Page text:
During an update on Hurricane Idalia during the daily White House briefing, FEMA chief Deanne Criswell pointed to rising water temperatures for an increase in severe weather events.
Asked specifically whether she would attribute the strong hurricane, which touched down in Florida as a category 3, to climate change, Criswell replied, “I’m not going to attribute the cause of the storm, but what I can say is that we are seeing an increase in the number of severe weather events. And what we saw with this storm, as we have seen with several of our hurricanes over the last few years, is that they are intensifying more rapidly due to the elevated heat of the water temperature in the Gulf, or in the Pacific or whether it’s in the Atlantic.”
The FEMA chief added, “These storms are intensifying so fast that our local emergency management officials have less time to warn and evacuate and get people to safety. This is something that we have to take into consideration as we build our preparedness plans, or as our local communities build their preparedness plans and how they’re going to communicate and prepare these communities for the types of storms that we are going to face in the future.”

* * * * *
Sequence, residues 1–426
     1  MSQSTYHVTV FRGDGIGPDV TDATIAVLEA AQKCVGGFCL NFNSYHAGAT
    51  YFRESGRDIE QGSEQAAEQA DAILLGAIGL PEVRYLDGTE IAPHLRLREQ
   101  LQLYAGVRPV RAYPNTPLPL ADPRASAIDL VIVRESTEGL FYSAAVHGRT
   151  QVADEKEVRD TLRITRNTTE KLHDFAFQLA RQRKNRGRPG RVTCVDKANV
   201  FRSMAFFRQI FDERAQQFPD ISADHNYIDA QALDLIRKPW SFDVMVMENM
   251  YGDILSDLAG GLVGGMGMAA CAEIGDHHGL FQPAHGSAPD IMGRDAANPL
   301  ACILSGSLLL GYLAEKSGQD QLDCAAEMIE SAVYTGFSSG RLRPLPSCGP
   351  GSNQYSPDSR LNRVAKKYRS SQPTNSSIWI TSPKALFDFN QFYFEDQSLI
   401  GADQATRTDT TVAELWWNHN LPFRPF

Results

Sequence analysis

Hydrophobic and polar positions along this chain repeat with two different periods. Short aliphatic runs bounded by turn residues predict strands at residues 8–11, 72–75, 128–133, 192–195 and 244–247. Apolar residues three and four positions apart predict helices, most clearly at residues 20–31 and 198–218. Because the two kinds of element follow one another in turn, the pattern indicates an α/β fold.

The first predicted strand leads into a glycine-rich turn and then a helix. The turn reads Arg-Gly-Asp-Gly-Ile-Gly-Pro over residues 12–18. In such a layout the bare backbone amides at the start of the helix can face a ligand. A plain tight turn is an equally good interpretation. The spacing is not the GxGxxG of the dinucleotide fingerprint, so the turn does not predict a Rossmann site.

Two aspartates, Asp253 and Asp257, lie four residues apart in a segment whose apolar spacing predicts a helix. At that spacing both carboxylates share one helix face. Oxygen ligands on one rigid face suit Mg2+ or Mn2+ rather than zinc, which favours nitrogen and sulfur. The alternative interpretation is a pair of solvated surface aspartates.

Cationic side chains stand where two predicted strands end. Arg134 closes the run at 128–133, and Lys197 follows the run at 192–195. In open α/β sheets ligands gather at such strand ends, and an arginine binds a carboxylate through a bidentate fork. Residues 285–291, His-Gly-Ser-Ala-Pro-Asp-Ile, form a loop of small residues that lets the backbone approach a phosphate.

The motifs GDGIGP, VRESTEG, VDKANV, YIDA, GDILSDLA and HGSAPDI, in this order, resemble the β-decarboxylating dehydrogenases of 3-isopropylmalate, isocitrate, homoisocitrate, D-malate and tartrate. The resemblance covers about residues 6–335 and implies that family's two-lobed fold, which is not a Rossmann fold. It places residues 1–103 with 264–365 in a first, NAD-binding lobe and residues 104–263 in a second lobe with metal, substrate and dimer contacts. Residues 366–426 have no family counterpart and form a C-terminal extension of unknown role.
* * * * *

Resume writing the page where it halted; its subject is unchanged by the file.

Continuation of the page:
The National Hurricane Center (NHC) on Wednesday morning reported a “catastrophic storm surge occurring along the coast of the Florida Big Bend and damaging winds spreading inland over northern Florida” following landfall by Hurricane Idalia.
Sustained winds at the time of landfall—shortly before 8am ET—were estimated to be 125 miles per hour. About an hour later the storm had decreased to a very strong category 2 with 110 mile per hour winds or higher, according to the NHC.
On Tuesday as the storm was approaching the U.S., President Biden issued an emergency declaration, allowing FEMA to put necessary federal personnel and equipment in place in anticipation of landfall.
On Wednesday afternoon, Criswell said it was far too early to estimate what the cost of this storm would be, adding that officials would get a better understanding over the next several days as it becomes safer to venture out into the hurricane-hit areas.
Criswell did also note that the Big Bend section of Florida—where the peninsula merges into the state’s panhandle—had “experienced the greatest storm surge.”
The “entire footprint” of available resources, she added, is a “combined effort” recognizing the capability that the state of Florida already has, and that FEMA has “additional resources that are integrated in with that operation. So if we need to immediately augment, we have resources that are ready to deploy as soon as requested without hesitation and without interruption.”
On Tuesday, though, Criswell had stated that she’d implemented “immediate needs funding,” as FEMA’s coffers are being depleted by recent massive disasters, including the Maui wildfires, and the federal agency’s disaster relief fund which currently has a balance of just $3.4 billion.
“Congress must work with us on the supplemental request that the Administration has made on the behalf of FEMA,” she had insisted.